Onto the pattern. Adirondack Socks by Patsy Harbor. I keep spelling Adirondack wrong. In my head, they are Rainbow socks because I can actually spell that. A quick explanation of what I think a good pattern consists of: easy to follow, good results, teaches something new. This pattern did all of that. In bucket loads. Very easy to follow, I ripped back once, and that was only because I had made right sock a little short to ensure that I had enough yarn for left sock. When I found that I had plenty left over from the second sock, then I ripped back the end of first sock and made it a little longer. So that ripping back was not the pattern's fault, but due to my own conservativeness. Teaches something new - this pattern actually taught me three new stitches - extended single crochet, back-post double crochet (that was really a duh! moment, seeing as I couldn't work out how front and back were different until watching a youtube video), and foundation double crochet - which I hadn't got round to learning through my own laziness. I made the middle size as I was using a 3mm hook (that was the only 3-- mm size that I could find in my special crochet hook tin), and had no problems.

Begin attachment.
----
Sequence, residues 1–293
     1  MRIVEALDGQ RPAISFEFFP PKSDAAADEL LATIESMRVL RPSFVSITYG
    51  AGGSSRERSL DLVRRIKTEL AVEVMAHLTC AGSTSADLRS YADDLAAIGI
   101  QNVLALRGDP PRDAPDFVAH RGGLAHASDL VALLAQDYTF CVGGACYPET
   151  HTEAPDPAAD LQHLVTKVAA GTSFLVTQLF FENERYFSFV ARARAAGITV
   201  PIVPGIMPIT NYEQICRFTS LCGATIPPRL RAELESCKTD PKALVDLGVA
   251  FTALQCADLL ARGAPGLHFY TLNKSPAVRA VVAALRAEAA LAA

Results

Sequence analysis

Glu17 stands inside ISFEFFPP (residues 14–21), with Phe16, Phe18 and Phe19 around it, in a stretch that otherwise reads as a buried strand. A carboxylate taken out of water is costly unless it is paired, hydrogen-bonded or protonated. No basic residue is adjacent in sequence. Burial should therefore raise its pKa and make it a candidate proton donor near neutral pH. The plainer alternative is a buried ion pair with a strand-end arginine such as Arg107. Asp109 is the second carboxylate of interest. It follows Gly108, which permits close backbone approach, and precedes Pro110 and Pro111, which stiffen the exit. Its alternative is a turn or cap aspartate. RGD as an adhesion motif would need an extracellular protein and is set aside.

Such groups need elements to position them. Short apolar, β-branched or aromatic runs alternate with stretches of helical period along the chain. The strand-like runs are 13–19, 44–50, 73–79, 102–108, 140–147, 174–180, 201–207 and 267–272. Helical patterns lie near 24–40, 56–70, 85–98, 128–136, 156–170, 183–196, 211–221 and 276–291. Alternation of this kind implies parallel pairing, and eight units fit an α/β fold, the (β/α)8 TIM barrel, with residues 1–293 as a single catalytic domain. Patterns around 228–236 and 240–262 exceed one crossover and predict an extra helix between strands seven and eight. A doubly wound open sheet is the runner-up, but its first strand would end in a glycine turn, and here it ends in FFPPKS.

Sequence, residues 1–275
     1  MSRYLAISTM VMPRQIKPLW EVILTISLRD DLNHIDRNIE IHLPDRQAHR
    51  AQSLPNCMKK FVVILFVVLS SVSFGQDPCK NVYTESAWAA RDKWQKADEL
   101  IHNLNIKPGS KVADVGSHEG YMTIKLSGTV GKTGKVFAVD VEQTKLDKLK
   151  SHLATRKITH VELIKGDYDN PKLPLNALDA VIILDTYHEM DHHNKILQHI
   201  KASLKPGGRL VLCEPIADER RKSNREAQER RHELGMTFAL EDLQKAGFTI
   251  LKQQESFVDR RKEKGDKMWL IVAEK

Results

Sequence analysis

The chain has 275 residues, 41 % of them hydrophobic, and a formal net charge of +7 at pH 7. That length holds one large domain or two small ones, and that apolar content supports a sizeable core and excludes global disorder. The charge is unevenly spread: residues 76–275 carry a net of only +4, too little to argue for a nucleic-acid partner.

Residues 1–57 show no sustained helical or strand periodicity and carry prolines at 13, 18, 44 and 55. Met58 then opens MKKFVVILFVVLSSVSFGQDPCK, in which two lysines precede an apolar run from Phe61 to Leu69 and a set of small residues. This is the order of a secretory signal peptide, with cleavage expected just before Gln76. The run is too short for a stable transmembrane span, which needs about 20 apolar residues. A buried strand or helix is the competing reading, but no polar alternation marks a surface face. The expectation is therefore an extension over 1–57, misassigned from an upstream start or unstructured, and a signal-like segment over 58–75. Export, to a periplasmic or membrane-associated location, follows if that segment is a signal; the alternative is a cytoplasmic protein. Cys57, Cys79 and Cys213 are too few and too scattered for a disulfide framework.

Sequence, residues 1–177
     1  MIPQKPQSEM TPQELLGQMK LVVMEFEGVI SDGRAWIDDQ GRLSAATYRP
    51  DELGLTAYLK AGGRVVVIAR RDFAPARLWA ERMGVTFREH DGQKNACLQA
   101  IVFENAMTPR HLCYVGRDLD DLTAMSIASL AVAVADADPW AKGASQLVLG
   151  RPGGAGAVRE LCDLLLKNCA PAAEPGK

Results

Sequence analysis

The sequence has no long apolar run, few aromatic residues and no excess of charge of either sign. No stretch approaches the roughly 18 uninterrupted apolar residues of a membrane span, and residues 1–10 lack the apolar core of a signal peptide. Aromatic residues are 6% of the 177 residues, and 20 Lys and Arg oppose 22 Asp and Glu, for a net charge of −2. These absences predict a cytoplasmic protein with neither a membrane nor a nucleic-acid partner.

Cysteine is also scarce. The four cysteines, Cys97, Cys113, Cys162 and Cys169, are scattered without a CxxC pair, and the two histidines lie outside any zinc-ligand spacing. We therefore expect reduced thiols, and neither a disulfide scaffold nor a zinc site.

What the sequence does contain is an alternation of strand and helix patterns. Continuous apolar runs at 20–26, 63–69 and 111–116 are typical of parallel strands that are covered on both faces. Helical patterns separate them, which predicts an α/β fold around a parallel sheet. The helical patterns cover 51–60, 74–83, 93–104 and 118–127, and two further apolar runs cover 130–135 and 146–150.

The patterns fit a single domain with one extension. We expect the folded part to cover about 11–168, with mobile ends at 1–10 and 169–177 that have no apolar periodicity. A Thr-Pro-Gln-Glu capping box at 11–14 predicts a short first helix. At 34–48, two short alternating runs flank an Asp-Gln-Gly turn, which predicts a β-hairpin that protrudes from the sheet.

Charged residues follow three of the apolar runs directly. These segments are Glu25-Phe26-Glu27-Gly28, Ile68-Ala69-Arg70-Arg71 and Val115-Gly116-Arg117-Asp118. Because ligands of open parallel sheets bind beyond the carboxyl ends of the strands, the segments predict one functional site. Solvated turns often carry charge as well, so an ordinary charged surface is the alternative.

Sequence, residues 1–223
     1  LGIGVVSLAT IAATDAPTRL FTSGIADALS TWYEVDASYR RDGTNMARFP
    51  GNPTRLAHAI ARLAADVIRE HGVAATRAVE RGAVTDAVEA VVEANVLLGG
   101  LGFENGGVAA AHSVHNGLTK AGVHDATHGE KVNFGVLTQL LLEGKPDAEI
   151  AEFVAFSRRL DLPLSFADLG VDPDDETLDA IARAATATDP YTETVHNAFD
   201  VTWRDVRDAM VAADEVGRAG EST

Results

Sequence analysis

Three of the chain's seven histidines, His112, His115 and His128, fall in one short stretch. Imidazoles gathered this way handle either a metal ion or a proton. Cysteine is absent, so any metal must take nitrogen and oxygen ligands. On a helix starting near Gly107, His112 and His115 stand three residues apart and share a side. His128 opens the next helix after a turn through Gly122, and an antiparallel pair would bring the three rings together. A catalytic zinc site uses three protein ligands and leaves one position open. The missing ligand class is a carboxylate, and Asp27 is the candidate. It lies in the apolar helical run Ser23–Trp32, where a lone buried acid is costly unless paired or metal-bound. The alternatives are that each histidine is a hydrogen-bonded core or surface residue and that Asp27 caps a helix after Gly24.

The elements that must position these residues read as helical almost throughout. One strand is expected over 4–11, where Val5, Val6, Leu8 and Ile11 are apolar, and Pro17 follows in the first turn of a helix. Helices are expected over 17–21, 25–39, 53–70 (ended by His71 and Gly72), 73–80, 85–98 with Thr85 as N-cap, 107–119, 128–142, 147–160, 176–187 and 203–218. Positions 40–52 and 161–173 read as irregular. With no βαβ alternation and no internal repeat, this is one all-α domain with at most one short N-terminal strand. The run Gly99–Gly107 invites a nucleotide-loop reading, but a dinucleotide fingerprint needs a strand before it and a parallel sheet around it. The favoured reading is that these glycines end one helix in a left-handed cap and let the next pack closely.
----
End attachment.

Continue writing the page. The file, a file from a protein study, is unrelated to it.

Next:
Sunny day is somewhat self-explanatory. It's been raining for the past week, which meant that there wasn't enough light to adequately photograph my first ever pair of socks (not quite as pretty as these). I certainly took advantage of the sun, lying on the patio with my legs in the air to get these photos, and then pretending to take pictures of flowers when my neighbour came out her back door.

Apologies for not posting since December. I was making the mega-cardigan Lila, which I have yet to photograph, then a series of gifts for other people that were gone before photos could be taken.